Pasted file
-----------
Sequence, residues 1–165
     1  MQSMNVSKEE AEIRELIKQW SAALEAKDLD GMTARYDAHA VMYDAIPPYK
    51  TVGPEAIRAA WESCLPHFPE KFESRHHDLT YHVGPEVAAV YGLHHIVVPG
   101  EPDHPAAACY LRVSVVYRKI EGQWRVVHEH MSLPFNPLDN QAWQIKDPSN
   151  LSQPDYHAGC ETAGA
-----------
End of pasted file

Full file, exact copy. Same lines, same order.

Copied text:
Sequence, residues 1–165
     1  MQSMNVSKEE AEIRELIKQW SAALEAKDLD GMTARYDAHA VMYDAIPPYK
    51  TVGPEAIRAA WESCLPHFPE KFESRHHDLT YHVGPEVAAV YGLHHIVVPG
   101  EPDHPAAACY LRVSVVYRKI EGQWRVVHEH MSLPFNPLDN QAWQIKDPSN
   151  LSQPDYHAGC ETAGA